7. 7. Normalization Using Join Dependencies s Join dependencies constrain the set of legal relations over a schema R to those relations for which a given decomposition is a lossless-join decomposition. s Let R be a relation schema and R1 , R2 ,..., Rn be a decomposition of R. If R = R1 ∪ R2 ∪ … ∪ Rn, we say that a relation r(R) satisfies the join dependency . *(R1 , R2 ,..., Rn) if: r =∏R1 (r) ⋈ ∏R2 (r) ⋈ …… ⋈ ∏Rn(r) A join dependency is trivial if one of the Ri is R itself. s A join dependency *(R1, R2) is equivalent to the multivalued dependency R1 ∩ R2 R2. Conversely, α β is equivalent to *(α ∪(R - β), α ∪ β) s However, there are join dependencies that are not equivalent to any multivalued dependency.Database System Concepts, 1 st Ed. C.7 ©VNS InfoSolutions Private Limited, Varanasi(UP), India 22100
  8. 8. Project-Join Normal Form (PJNF) s A relation schema R is in PJNF with respect to a set D of functional, multivalued, and join dependencies if for all join dependencies in D+ of the form *(R1 , R2 ,..., Rn ) where each Ri ⊆ R and R =R1∪ R2 ∪ ... ∪ Rn at least one of the following holds: q *(R1 , R2 ,..., Rn ) is a trivial join dependency. q Every Ri is a superkey for R. s Since every multivalued dependency is also a join dependency, every PJNF schema is also in 4NF.Database System Concepts, 1 st Ed. C.8 ©VNS InfoSolutions Private Limited, Varanasi(UP), India 22100
  9. 9. Example s Consider Loan-info-schema = (branch-name, customer-name, loan-number, amount). s Each loan has one or more customers, is in one or more branches and has a loan amount; these relationships are independent, hence we have the join dependency s *(=(loan-number, branch-name), (loan-number, customer-name), (loan- number, amount)) s Loan-info-schema is not in PJNF with respect to the set of dependencies containing the above join dependency. To put Loan-info-schema into PJNF, we must decompose it into the three schemas specified by the join dependency: q (loan-number, branch-name) q (loan-number, customer-name) q (loan-number, amount)Database System Concepts, 1 st Ed. C.9 ©VNS InfoSolutions Private Limited, Varanasi(UP), India 22100
  10. 10. Domain-Key Normal Form (DKNY) s Domain declaration. Let A be an attribute, and let dom be a set of values. The domain declaration A ⊆ dom requires that the A value of all tuples be values in dom. s Key declaration. Let R be a relation schema with K ⊆ R. The key declaration key (K) requires that K be a superkey for schema R (K → R). All key declarations are functional dependencies but not all functional dependencies are key declarations. s General constraint. A general constraint is a predicate on the set of all relations on a given schema. s Let D be a set of domain constraints and let K be a set of key constraints for a relation schema R. Let G denote the general constraints for R. Schema R is in DKNF if D ∪ K logically imply G.Database System Concepts, 1 st Ed. C.10 ©VNS InfoSolutions Private Limited, Varanasi(UP), India 22100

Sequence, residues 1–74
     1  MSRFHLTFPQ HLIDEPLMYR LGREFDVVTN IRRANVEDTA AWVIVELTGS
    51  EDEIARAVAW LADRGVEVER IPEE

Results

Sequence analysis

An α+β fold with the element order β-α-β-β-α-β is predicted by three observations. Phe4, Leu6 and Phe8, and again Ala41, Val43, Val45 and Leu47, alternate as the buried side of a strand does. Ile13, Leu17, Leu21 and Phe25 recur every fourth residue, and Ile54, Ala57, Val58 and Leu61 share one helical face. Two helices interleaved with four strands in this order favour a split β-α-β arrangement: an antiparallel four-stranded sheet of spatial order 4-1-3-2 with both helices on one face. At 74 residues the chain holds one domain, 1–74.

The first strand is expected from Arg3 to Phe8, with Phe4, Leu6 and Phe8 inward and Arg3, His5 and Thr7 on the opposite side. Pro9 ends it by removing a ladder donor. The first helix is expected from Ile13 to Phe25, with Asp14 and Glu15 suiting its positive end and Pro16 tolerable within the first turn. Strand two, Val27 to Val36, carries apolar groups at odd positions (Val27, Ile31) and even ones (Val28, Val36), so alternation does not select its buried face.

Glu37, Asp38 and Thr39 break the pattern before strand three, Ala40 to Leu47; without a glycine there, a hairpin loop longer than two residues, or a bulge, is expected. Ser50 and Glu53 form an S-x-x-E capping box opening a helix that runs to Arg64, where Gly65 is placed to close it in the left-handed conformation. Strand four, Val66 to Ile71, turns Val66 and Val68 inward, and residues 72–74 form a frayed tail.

11. 11. Example s Accounts whose account-number begins with the digit 9 are special high-interest accounts with a minimum balance of 2500. s General constraint: ``If the first digit of t [account-number] is 9, then t [balance] ≥ 2500. s DKNF design: Regular-acct-schema = (branch-name, account-number, balance) Special-acct-schema = (branch-name, account-number, balance) s Domain constraints for {Special-acct-schema} require that for each account: q The account number begins with 9. q The balance is greater than 2500.Database System Concepts, 1 st Ed. C.11 ©VNS InfoSolutions Private Limited, Varanasi(UP), India 22100
  12. 12. DKNF rephrasing of PJNF Definition s Let R = (A1 , A2 ,..., An) be a relation schema. Let dom(Ai ) denote the domain of attribute Ai, and let all these domains be infinite. Then all domain constraints D are of the form Ai ⊆ dom (Ai ). s Let the general constraints be a set G of functional, multivalued, or join dependencies. If F is the set of functional dependencies in G, let the set K of key constraints be those nontrivial functional dependencies in F+ of the form α → R. s Schema R is in PJNF if and only if it is in DKNF with respect to D, K, and G.Database System Concepts, 1 st Ed. C.12 ©VNS InfoSolutions Private Limited, Varanasi(UP), India 22100